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Lecture

PSY421 - Lecture 2.docx

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Department
Psychology
Course Code
PSY100H1
Professor
Nick Rule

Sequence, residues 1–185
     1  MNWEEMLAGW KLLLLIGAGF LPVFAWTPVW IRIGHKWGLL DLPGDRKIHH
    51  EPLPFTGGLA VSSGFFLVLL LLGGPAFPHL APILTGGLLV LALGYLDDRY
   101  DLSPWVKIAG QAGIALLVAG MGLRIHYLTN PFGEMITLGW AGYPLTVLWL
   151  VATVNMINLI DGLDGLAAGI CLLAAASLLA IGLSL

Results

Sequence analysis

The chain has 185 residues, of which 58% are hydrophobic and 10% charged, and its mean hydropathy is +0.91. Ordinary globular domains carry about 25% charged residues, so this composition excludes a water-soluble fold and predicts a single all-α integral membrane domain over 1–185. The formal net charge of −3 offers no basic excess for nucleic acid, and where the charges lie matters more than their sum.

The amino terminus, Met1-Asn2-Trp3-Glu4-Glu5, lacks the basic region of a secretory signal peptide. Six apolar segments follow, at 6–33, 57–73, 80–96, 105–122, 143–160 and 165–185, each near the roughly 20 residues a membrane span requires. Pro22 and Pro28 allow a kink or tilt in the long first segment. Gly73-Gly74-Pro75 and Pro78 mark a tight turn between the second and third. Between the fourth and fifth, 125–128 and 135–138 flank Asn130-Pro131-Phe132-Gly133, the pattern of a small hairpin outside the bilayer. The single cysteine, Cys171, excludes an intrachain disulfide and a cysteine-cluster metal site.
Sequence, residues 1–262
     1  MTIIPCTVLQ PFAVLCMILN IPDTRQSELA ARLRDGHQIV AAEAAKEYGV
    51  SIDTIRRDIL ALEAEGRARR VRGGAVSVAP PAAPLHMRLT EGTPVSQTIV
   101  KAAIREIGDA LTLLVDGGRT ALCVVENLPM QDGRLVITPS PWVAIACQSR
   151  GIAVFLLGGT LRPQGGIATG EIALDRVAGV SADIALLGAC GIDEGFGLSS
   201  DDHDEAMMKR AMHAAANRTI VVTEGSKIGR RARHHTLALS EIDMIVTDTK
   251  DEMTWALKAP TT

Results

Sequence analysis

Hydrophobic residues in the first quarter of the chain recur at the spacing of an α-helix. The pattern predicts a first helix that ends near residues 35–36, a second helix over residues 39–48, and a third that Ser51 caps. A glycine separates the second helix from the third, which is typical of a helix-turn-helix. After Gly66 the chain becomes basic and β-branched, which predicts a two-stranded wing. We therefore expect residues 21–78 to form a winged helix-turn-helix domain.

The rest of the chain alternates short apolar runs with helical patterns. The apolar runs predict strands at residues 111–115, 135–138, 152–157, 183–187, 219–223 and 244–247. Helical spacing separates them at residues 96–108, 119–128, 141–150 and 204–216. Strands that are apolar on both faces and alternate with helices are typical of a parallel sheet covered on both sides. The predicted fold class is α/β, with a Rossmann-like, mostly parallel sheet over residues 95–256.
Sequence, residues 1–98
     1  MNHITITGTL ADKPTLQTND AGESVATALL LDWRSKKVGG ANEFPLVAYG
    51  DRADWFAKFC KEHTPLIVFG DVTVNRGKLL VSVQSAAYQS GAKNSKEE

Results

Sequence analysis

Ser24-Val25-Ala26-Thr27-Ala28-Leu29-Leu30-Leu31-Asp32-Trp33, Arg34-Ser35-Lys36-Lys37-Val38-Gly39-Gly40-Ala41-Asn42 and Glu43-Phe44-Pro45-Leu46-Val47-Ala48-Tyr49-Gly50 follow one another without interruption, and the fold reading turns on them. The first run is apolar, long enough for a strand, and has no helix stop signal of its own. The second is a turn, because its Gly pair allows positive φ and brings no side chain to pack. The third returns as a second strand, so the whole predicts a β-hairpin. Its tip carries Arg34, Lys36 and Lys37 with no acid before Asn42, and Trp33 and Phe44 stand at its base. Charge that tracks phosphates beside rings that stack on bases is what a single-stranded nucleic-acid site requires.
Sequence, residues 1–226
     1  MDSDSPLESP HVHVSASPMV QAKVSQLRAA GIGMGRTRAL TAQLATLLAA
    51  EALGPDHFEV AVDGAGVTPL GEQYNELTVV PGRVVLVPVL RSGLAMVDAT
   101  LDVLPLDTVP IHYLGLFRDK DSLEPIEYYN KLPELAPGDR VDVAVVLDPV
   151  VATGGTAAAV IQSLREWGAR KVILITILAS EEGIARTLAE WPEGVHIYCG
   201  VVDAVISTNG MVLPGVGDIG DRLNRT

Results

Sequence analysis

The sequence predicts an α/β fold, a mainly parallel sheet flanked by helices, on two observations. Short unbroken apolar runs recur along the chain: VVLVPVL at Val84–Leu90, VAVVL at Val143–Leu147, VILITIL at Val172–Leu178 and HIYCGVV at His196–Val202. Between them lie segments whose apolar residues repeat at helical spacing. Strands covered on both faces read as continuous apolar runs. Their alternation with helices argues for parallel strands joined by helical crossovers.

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PSY421: Person Perception Lecture 2: Race January 30, 2012 Depending on how you think about race, there are many ways to think about it (i.e. Princess of Sweden, skin – closer to Elisabetta Canalis, finger print – closer to Japanese lady, malaria resistance – closer to other race, etc.) Definition of Race:  Blumenbach  Invented “Caucasian”  Refers to people living at food of Caucasus mountains  “Most beautiful” = original humans, birthplace of humanity (considered most pure)  Divided into 5 different groups (based on beauty)  Linnaeus 1758, 4-group division 1. Caucasian 2. American 3. Asian 4. Malay (Blumenbach added this 5th group to the original group) 5. African  Latter 4 groups “degenerations” of original Caucasians 1. Result of adaptation to climates (i.e. Asian eyes = snow blindness) 2. Customs/artistic practices (e.g. skull-binding), could become hereditary 3. Changes could be reserved (over generations) by moving back  Not racist: 1. Believed groups to be equal in value 2. Abolish slavery  Black slaves > White masters (morally) 3. Hierarchy based primarily on beauty If race were based on genetics:  94% or more of DNA is identical across racial groups  Greater variation within groups rather than across racial groups  West Africans may be more similar to White people than to East Africans  DNA polymorphisms show 5 groups:  Sub-Saharan Africans  Europeans & Asians West of Himalayas  East Asians  Inhabitants of New Guinea & Melanesia  Native Americans  Phenotype vs. Genotype  Different looking brothers; similar genotypes, different phenotypes Race: Mostly based on appearance  Environmental adaptations (e.g. skin color)  Geographic origins  Racial variation confounded by geographic variation  “Clines” – incremental variations in traits across geographic areas  Similarity in appearance does not equal genetic similarity  Skin color of African/Aboriginal Australians  3 most important appearance traits in selecting a partner?  Personal ads: skin colour, hair colour eye colour Race: A moving target  Racial groups today may not be true  Can “see” differences where they may not exist  37% of babies described as Native American on their birth certificates described as another race on their death certificates  5 most salient racial groups in US in the late 1800s?  Whites, Blacks, Germans, Italians, Irish  Irish  White; Jews  White Race: A social construction  Important social variable  Proxy for SES, effects of racism  Eye of the beholder, eye of the beholden  How we see others and ourselves  How we assign and perpetuate group membership  Multidimensional Space Models (MDS)  Multiple dimensions are used to perceive and categorize faces into groups  Derives from multidimensional scaling  Statistical procedure  Used to distinguish between different wines  Using dimensions on axis  Each dimension has an axis on the model  MDS of faces:  Sex  Dimension 1 – Hair: long/short?  Dimension 2 – Eyes/Brows: close/far?  Dimension 3 – Brows: thin/Thick?  Dimension 4 – Jaw: big/small?  Dimension 5 – Skin: smooth/rough?  Multidimensional face space – Valentine (1991)  Every point represents a face  Every face ever seen is represented somewhere in the field  The dimensional code for basic aspects  Over time, add new dimensions as new faces/types of faces encountered (i.e. move to foreign country)  Typical faces close to original (similar to average or prototype)  Density of faces on each dimension normally distributed around origin  *Dimensions are theoretical  Norm-based encoding  Prototype at origin 1. All faces stored as vectors from prototype 2. Vectors account for distance between prototype and representations  Exemplar-based encoding  Origin empty 1. Cluster around origin – NO PROTOTYPE 2. Similarity between faces is monotonic distance between them (assume to be Euclidian)  Two white faces are closer together and further apart from Black faces  Direct comparison of the two types of encoding Norm-based Exemplar - Assume normal distribution - Assume normal distribution - Use prototypes (theoretical - Uses actual faces ideals) - Each face relative to - Everything relative to individual faces prototype - More parsimonious - First observed data better  Process of MDS  Perceive a face, attempt to map it to a location in the face space 1. Already there = know + recognize 2. Not there = acquire (learn) a new face + add to field  Number of dimensions in your face space is large enough to uniquely classify any 2 faces  Dimensions are always expanding, creating more space, and shifting location as new faces are acquired 1. When someone changes too much, that person‟s face becomes a new face in the field  Greater expertise with familiar faces, more dimensions that distinguish them (outgroup homogeneity effect) 1. Other-race faces often misclassified because limited experience = more dimensions 2. More faces in a location, longer it takes (actual experimental reaction times) to recognize it 3. Unique/distinctive faces recognized quickly but take longer to be recognized as a face  Atypical faces have larger fields 1. Will collect more percepts 2. Broader region of space allocated – look more like things  Typical/atypical 50% face morphs 1. More likely to think that the face is from atypical parent face than typical face  Relationships to race perception 1. Mind seeks efficiency, will only hold dimensions that are needed  Lots of D to tell ingroup apart, few to distinguish between other races  e.g. white people who watch basketball are better at distinguishing black people  Different groups have different face-space dimensions  Euro Whites: hair, hair texture (distinctive among Whites)  African Blacks: eye size, eyebrows, ears (distinctive among Blacks)  Face space easier for ingroup Race: Face-space dimension  Race may be a visual feature above face space (Levin)  Why do we identify some races faster than own-race faces?  Distinctiveness? Exemplar face-space models  Interferences? From configural cues for same-race faces 1. People don‟t code configuration/individuating properties of other- race faces (“all look alike”) 2. Dog breeders disrupted by face-inversion 3. Arcs in faces vs. non-faces more easily recognized 4. If so, inversion stronger for same race  Race is a visual feature? Processed before individuating cues – race/gender schemas more to recall info about people of different race/gender 1. Femaleness deviation from “maleness norm” – male is default assumption 2. Race ≠ Black/White, Race = Black/Not Black  Context/group size matters  Another face-space caveat  Out-group cannot be the majority  [People that don‟t look like me = all look alike; enough exposure = become expert]  Experiment 1-3  Atypical faces categorized slower 1. Famous/non-famous